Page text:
Providing active learning experiences is particularly challenging when students are learning higher-order skills such the experimental process, where it is critical to provide opportunities to learn by doing, but hard to tune activities to each student’s current skill level or provide the necessary feedback. While virtual learning environments can help, the definition of inquiry in such environments covers a wide range. In building educational activities, particularly on the computer, designers implicitly or explicitly manipulate three axes: scaffolding, feedback, and constraint. In this chapter, I show how thinking deliberately about these axes can improve student learning. I argue that of those three, constraint has been underappreciated. I base this argument on data from several studies involving thousands of students at hundreds of high schools and colleges. The research shows examples of explicitly manipulating constraint in both questions and simulation-based activities, and suggests that choosing the right level of constraint can increase student learning and instructor’s ability to assess student understanding of complex skills. From these data along with theoretical considerations I suggest an Intermediate Constraint Hypothesis stating that focusing on level of constraint in student exercises and assessments is a practical and powerful way to maximize student learning.
- Teaching strategy
- Biology education
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While I alone take the blame for the intermediate constraint hypothesis and other potentially naïve ideas introduced here, I built the ideas and narrative upon research and discussions shared with many collaborators. At SimBiotic Software, thanks to Susan Maruca, Kerry Kim, and all my other colleagues who have participated in our research activities. The Understanding Experimental Design project involved many collaborators including Denise Pope, now at Univ. Massachusetts Amherst, Joel Abraham at California State Univ, Fullerton, Jody Clarke-Midura at Utah State, Daniel Wendell, Ling Hsao, and others from the lab of Eric Klopfer at Massachusetts Institute of Technology, and many people at SimBio including Susan Maruca, Kerry Kim, Jennifer Palacio, Jenna Conversano, and numerous content and software developers. We also received help from a great advisory board of Ross Nehm, Kathryn Perez, and Ryan Baker. The GraphSmarts project was led by Stephanie Gardner at Purdue University and involved several researchers in her lab, most prominently Elizabeth Suazo-Flores. Also participating were Joel Abraham, and many of the same research team at SimBio. Thanks to Isobel Buck for making the figures prettier. Thanks to the many instructors and students who agreed to allow us access to their classes and data. Finally, thanks to the organizers of this volume for inviting my contribution. This material is based upon work supported in part by the National Science Foundation under Grants No. 1227245 and 1726180. Thanks to all of those parties for the ideas, data, and funding upon which this chapter is built.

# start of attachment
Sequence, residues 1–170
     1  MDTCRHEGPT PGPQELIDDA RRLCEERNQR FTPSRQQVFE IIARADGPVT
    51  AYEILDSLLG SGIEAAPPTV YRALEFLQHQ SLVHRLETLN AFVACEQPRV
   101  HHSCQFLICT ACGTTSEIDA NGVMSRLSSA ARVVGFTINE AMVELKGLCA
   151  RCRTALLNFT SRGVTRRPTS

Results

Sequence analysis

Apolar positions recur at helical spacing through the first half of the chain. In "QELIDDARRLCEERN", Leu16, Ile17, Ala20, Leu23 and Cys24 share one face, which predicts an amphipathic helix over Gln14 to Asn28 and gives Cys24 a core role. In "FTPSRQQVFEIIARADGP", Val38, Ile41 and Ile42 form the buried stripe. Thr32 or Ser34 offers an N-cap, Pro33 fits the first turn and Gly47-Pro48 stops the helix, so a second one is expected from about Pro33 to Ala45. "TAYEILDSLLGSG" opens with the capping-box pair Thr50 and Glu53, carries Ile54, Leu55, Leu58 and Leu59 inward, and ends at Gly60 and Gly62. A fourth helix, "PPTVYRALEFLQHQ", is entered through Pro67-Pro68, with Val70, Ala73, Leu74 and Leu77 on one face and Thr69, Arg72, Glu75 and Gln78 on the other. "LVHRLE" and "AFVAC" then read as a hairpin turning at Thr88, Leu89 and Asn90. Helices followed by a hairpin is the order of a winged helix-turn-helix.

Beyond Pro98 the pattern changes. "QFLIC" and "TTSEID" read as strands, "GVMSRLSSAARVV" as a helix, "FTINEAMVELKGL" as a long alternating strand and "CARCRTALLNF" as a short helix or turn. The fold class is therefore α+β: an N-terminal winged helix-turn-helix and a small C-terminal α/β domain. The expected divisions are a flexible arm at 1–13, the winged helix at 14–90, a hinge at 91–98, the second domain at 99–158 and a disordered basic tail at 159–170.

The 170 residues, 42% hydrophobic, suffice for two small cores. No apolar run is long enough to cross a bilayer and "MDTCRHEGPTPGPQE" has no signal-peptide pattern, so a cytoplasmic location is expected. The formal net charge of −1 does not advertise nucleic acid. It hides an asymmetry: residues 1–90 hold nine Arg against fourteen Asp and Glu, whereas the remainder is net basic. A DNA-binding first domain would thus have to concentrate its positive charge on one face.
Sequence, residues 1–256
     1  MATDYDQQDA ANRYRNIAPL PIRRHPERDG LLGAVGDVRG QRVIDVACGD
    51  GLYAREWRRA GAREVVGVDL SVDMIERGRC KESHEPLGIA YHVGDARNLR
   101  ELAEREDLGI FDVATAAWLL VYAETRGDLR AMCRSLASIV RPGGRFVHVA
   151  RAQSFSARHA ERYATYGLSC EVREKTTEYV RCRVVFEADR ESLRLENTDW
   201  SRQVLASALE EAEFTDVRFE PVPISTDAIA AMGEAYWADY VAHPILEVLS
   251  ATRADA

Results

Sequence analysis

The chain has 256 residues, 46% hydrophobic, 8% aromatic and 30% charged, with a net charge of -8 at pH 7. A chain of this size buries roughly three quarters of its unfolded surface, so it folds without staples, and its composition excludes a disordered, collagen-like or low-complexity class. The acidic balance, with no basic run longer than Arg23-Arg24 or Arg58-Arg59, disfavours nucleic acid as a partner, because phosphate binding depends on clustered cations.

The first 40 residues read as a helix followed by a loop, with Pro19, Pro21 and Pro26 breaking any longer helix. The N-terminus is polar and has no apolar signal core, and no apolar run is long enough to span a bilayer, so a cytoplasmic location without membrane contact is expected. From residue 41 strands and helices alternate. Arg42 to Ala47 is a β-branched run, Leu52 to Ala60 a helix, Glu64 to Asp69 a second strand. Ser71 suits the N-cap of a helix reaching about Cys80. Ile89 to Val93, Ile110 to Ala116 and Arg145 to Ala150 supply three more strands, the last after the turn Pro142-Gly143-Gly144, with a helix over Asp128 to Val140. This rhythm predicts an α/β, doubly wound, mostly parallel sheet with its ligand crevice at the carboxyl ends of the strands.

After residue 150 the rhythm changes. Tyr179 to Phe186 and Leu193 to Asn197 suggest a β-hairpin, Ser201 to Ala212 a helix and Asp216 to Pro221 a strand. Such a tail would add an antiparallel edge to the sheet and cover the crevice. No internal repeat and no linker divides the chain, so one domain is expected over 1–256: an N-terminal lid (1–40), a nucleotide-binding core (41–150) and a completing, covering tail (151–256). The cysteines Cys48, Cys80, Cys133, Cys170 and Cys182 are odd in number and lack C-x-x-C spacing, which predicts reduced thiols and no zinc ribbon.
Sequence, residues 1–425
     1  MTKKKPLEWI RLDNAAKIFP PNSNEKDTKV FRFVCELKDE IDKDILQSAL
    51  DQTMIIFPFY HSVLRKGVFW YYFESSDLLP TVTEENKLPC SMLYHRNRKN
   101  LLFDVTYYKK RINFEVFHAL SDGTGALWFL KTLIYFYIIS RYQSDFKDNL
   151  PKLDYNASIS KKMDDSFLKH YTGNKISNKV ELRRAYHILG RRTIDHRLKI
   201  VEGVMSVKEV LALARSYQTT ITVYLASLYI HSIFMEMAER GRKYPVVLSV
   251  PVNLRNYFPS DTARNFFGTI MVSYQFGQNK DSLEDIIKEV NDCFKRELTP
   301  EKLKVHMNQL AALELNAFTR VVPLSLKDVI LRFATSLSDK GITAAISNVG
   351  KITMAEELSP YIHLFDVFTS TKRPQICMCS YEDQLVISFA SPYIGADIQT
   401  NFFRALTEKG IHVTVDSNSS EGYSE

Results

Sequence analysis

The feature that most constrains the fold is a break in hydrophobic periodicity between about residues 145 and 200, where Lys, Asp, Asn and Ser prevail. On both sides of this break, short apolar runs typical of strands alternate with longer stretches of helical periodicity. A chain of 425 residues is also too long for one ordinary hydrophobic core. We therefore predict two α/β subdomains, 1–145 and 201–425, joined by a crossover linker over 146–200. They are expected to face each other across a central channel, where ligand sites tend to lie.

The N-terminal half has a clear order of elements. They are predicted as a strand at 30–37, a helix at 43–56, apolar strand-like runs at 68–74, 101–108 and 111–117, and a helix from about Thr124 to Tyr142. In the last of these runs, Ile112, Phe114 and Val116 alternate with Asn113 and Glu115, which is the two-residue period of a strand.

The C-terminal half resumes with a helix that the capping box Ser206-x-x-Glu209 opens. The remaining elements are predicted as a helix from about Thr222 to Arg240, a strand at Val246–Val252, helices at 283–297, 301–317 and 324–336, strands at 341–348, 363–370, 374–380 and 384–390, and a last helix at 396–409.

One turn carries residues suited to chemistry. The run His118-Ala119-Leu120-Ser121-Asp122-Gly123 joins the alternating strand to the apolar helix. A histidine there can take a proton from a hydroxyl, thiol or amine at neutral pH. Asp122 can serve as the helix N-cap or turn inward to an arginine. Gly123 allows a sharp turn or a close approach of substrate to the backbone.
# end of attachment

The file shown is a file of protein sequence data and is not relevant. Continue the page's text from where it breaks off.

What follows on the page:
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Meir, E. (2022). Strategies for Targeting the Learning of Complex Skills Like Experimentation to Different Student Levels: The Intermediate Constraint Hypothesis. In: Pelaez, N.J., Gardner, S.M., Anderson, T.R. (eds) Trends in Teaching Experimentation in the Life Sciences. Contributions from Biology Education Research. Springer, Cham. https://doi.org/10.1007/978-3-030-98592-9_24
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Online ISBN: 978-3-030-98592-9